Tuesday, November 6, 2012

Line forms early at Roanoke City precincts

Richard Bell with his wife was first in line to vote at the Peters Creek precinct in Northwest City.

On Election Day the line to vote at the Peters Creek precinct in Northwest Roanoke City almost reached to Ferncliff Avenue just below William Fleming High School. By 6:45 a.m. cars filled the Schewels furniture store parking lot across the street from the Ruffner Middle School gym.

The doors opened promptly at 6:00 a.m. and the first in line was Richard Bell who said he had been waiting since 4:00 a.m. His disabled wife waited in the car.

Close behind was Tim Allen who had been waiting since 4:30 a.m. Allen joked saying “no I’m not related to the candidate for Senate, George Allen.” He and Davetta Seals and Veronica Mitchell were joking and laughing as they waited in the cold frosty morning to be first in the line.

The door opened suddenly and a young man yelled, “the polls are now open.” In went the shivering voters but there was no chance for all to fit inside the gym. By 6:30 a.m. the line still stretched to Ferncliff Avenue and the voters kept coming. Some had blankets wrapped around them.

Councilman Sherman Lea frustrated with poll worker Stephen Niamke

Cars spilled into Ferncliff Avenue, William Fleming High School, Burlington Coat Factory, Home Depot and Schewels furniture store. There was a steady stream of voters filling the line.

Inside the building the bottleneck was at the check-in. After checking in there was a yellow taped gauntlet that voters had to weave through. There were 8 long loops that no one at first could figure out why they were there. It was a struggle for Mr. Bell’s wife to maneuver the loops with her cane. “Don’t know who’s bright idea that was,” said one voter in line.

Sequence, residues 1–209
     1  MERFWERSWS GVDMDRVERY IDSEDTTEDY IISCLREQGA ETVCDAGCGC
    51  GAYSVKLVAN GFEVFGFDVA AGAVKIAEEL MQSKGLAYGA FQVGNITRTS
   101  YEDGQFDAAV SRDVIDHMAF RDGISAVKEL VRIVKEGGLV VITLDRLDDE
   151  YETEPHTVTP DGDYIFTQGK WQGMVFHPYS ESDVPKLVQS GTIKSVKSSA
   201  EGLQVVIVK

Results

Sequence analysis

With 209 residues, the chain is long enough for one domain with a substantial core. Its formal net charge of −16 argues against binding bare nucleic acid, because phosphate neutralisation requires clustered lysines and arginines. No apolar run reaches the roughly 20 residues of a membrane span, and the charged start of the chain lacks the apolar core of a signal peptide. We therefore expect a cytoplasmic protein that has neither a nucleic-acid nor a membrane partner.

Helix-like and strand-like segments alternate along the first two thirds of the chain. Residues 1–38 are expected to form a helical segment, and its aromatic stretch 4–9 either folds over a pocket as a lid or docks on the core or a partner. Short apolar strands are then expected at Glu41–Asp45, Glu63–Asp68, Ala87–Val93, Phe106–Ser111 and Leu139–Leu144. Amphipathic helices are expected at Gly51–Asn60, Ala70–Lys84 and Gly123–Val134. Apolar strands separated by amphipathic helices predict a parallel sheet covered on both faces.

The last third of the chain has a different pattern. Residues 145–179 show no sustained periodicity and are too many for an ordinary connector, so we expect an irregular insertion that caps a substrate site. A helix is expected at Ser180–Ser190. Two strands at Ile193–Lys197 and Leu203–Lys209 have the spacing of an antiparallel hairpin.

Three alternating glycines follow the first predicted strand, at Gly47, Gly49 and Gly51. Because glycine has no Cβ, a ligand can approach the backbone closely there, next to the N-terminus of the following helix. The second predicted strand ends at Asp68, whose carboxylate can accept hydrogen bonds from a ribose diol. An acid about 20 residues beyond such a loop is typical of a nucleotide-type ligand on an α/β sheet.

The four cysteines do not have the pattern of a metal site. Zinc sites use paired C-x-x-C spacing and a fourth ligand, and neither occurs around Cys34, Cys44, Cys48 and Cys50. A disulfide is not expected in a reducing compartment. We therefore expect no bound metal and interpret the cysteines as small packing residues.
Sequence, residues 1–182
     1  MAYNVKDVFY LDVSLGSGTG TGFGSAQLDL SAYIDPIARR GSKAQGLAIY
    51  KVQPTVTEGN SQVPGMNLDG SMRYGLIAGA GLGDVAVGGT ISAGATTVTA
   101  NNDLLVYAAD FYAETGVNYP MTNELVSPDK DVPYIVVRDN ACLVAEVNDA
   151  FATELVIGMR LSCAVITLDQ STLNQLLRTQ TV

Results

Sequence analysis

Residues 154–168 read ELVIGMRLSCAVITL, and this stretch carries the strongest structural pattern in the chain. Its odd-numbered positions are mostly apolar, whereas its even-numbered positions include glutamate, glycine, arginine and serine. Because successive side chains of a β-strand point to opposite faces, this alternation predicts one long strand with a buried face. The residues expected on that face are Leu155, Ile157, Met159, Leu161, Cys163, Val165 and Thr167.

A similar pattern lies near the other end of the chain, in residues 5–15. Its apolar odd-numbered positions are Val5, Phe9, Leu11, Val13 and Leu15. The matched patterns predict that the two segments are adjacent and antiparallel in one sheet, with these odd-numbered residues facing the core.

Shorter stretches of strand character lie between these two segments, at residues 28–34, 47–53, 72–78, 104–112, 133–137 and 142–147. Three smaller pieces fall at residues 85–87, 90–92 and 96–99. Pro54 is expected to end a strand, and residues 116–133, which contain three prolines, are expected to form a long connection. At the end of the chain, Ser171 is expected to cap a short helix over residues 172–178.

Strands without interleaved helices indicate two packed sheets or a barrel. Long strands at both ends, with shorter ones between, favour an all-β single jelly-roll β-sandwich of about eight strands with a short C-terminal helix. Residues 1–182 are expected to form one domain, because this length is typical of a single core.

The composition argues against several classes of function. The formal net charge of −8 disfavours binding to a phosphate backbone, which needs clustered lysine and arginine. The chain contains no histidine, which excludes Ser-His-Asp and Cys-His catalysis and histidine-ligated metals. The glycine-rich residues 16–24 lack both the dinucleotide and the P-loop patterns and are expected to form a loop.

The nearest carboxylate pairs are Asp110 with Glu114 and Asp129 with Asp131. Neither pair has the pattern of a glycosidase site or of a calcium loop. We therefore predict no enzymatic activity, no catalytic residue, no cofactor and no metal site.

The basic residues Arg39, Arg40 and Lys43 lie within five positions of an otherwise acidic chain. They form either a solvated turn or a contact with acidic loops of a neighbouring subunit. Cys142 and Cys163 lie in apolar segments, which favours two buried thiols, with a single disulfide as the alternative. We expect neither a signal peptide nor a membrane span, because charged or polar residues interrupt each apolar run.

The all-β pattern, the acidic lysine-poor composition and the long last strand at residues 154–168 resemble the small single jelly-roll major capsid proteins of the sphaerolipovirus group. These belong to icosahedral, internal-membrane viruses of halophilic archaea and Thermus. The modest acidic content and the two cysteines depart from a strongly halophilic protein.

By 6:40 a.m. as the light broke outside the line was even longer. Many voters were crammed in the entrance doorway trying to get out of the cold. Those walking from Home Depot and up and down Ferncliff were not deterred. At first everyone was jolly as they prepared to wait with their neighbors. Frustrations grew as the line slowed and feet and backs began to ache.

Later in the morning it became clear what the yellow “caution” tapes were for. Voters were directed to enter the winding yellow-lined loops. Like a slow moving snail they continued their journey that took two hours to complete. “Voting shouldn’t be so hard,” said one woman.

The two-hour gauntlet voters snaked through at a snails pace.

A nurse treated one woman as she lay on the floor. With help she was able to bypass the line and vote. Some voters left saying they had to work but most suffered the two-hour gauntlet to the computer check in. There were only two computers for the 2150 voters and it was a slow process.

Councilman Sherman Lea was livid when he had to wait two hours. He stayed at the precinct encouraging voters to stick it out. He told poll worker Stephen Niamke that the process was inept. The city should be able to afford another computer if the city can afford $6 million for Elmwood Park he said. Lea was trying to coax voter Eugene Arrington to stay. He said this proves that it was not a wise idea to reduce the voting precincts from 32 to 19 as the three Electoral Board members were planning. “If you are inept at 32 you’ll be inept at 19 [precincts],” said Lea. “It is poor planning.”

When the polls closed the line to vote was still long. One voter said there were 100 people still in line waiting to vote at 8:15 p.m. at Ruffner while at the same time Virginia’s results were being released to the media. The Virginia State Board of Elections spoke up and delayed the release of results until 8:00 p.m. At Forest Park Academy it was reported that they were just finishing up the line and it was after 9:00 p.m.

It’s unclear what solutions will be found to prevent it from happening again. In the 2008 presidential election the alphabetical lines were long and frustrating too. Even with another computer poll workers that work 16-hour days are hard to find.

Posted By Valerie Garner

Categories: Election 2012, Elections, Local Events, Uncategorized

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